Pseudorca crassidens (False killer whale)

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False killer whale
Temporal range: Middle Pleistocene–Recent[1]
Size compared to an average human
CITES Appendix II (CITES)[3]
Scientific classification Edit this classification
Domain: Eukaryota
Kingdom: Animalia
Phylum: Chordata
Class: Mammalia
Order: Artiodactyla
Infraorder: Cetacea
Family: Delphinidae
Genus: Pseudorca
P. crassidens
Binomial name
Pseudorca crassidens
(Owen, 1846)
  Range of the false killer whale
List of synonyms

The false killer whale (Pseudorca crassidens) is a species of oceanic dolphin that is the only extant representative of the genus Pseudorca. It is found in oceans worldwide but mainly in tropical regions. It was first described in 1846 as a species of porpoise based on a skull, which was revised when the first carcasses were observed in 1861. The name "false killer whale" comes from having a skull similar to the orca (Orcinus orca), or killer whale.

The false killer whale reaches a maximum length of 6 m (20 ft), though size can vary around the world. It is highly sociable, known to form pods of up to 50 members, and can also form pods with other dolphin species, such as the common bottlenose dolphin (Tursiops truncatus). It can form close bonds with other species, as well as have sexual interactions with them. But the false killer whale has also been known to eat other dolphins, though it typically eats squid and fish. It is a deep-diver; maximum known depth is 927.5 m (3,043 ft); maximum speed is ~ 29 km/h (18 mph).

Several aquariums around the world keep one or more false killer whales, though its aggression toward other dolphins makes it less desirable. It is threatened by fishing operations, as it can entangle in fishing gear. It is drive hunted in some Japanese villages. The false killer whale has a tendency to mass-strand given its highly social nature; the largest stranding consisted of over 800 beached at Mar del Plata, Argentina, in 1946. Most of what is known of this species comes from examining stranded individuals.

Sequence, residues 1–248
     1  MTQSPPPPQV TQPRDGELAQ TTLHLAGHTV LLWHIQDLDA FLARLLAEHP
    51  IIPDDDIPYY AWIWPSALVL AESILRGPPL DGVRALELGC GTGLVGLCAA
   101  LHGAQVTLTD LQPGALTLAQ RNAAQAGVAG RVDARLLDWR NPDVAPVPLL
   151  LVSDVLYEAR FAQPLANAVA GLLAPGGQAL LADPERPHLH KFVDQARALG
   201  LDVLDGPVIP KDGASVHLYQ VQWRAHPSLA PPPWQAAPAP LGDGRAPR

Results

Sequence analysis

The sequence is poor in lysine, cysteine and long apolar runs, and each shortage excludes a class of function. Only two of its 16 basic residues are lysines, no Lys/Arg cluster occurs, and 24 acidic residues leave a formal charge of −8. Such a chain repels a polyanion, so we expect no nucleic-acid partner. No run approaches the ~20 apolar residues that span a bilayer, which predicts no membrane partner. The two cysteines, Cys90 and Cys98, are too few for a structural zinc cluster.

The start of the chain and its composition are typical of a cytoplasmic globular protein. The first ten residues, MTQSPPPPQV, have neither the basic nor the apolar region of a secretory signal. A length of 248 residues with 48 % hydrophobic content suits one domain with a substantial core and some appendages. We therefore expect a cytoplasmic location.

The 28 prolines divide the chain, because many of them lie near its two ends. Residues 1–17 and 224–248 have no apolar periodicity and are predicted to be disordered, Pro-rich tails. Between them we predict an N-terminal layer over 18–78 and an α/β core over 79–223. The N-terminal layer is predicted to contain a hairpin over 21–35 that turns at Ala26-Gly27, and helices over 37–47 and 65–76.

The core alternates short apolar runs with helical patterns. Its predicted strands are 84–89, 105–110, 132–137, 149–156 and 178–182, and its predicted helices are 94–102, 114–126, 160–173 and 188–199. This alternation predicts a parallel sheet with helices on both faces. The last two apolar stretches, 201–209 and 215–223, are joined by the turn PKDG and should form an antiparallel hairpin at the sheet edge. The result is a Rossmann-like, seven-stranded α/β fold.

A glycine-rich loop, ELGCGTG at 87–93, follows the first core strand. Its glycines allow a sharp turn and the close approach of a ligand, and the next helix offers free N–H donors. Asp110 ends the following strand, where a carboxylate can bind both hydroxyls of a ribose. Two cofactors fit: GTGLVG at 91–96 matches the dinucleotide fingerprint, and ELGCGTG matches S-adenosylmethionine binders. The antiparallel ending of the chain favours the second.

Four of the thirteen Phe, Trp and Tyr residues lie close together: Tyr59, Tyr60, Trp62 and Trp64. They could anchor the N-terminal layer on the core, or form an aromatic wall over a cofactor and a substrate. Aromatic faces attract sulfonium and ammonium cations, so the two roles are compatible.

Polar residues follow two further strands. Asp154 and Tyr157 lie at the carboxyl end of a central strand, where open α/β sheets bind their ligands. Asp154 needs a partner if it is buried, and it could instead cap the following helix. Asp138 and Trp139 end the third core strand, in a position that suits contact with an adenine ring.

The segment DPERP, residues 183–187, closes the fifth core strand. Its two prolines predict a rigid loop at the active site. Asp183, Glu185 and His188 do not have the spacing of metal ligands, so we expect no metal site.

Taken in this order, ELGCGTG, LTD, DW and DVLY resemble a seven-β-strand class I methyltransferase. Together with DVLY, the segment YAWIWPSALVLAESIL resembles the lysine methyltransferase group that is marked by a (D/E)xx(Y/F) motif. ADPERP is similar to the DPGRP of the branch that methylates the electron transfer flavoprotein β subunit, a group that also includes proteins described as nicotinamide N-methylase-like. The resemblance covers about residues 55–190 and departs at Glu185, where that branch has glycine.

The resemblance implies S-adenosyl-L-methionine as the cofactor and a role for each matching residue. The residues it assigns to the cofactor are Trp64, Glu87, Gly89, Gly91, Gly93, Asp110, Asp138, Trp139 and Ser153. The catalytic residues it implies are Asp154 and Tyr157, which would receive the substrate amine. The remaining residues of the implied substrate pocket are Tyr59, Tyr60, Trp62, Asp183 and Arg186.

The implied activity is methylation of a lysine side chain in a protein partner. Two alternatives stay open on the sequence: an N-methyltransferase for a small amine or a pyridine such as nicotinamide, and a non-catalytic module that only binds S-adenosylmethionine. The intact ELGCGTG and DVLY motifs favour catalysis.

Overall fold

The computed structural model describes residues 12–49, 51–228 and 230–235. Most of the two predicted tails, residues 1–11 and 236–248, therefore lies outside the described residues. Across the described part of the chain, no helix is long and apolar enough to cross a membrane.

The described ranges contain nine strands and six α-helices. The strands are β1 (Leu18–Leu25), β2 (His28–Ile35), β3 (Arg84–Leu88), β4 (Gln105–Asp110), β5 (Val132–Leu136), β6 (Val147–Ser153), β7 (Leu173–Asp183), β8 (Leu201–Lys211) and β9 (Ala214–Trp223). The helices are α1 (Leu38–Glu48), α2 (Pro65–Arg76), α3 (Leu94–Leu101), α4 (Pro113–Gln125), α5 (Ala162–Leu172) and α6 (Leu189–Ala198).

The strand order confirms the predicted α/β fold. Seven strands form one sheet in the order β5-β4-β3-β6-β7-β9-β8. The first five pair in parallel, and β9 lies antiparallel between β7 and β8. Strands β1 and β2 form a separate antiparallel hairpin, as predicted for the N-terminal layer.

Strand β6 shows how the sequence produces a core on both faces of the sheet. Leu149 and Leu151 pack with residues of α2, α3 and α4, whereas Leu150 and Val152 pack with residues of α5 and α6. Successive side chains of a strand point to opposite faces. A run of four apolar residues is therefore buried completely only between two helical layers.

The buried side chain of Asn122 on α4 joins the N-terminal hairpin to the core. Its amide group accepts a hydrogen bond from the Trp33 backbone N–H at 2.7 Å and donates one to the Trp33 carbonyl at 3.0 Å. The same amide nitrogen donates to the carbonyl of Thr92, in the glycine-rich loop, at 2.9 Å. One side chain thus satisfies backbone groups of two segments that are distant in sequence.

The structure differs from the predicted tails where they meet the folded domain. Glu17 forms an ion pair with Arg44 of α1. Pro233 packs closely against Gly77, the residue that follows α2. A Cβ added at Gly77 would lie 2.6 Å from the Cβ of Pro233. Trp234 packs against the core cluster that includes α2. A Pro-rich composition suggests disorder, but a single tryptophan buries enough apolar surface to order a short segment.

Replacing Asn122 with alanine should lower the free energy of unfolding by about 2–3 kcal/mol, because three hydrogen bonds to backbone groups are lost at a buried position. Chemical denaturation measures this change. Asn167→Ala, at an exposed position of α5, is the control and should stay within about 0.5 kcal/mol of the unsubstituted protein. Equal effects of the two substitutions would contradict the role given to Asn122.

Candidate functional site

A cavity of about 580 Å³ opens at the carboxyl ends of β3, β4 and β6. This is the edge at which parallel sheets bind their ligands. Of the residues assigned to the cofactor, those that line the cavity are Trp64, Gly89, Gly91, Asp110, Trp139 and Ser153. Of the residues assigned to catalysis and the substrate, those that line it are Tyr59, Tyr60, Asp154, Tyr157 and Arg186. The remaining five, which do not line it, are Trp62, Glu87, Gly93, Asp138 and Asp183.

Illustration of the skull

The false killer whale was first described by British paleontologist and biologist Richard Owen in his 1846 book, A history of British fossil mammals and birds, based on a fossil skull discovered in 1843. This specimen was unearthed from the Lincolnshire Fens near Stamford in England, a subfossil deposited in a marine environment that existed around 126,000 years ago.[1][5] The skull was reported as present in a number of museum collections, but noted as lost by William Henry Flower in 1884.[6] Owen compared the skull to those of the long-finned pilot whale (Globicephala melas), beluga whale (Delphinapterus leucas), and Risso's dolphin (Grampus griseus)–in fact, he gave it the nickname "thick toothed grampus" in light of this and assigned the animal to the genus Phocaena (a genus of porpoises) which Risso's dolphin was also assigned to in 1846. The species name crassidens means "thick toothed".[5]

In 1846, zoologist John Edward Gray put the false killer whale in the genus Orcinus, which had been known as the killer whale (Orcinus orca). Until 1861, when the first carcasses washed up on the shores of Kiel Bay, Denmark, the species was presumed extinct. Based on these and a pod that beached itself three months later in November, zoologist Johannes Theodor Reinhardt moved the species in 1862 to the newly erected genus Pseudorca, which established it as being neither a porpoise nor a killer whale.[7][8] The name "false killer whale" comes from the apparent similarity between its skull and that of the killer whale.[9]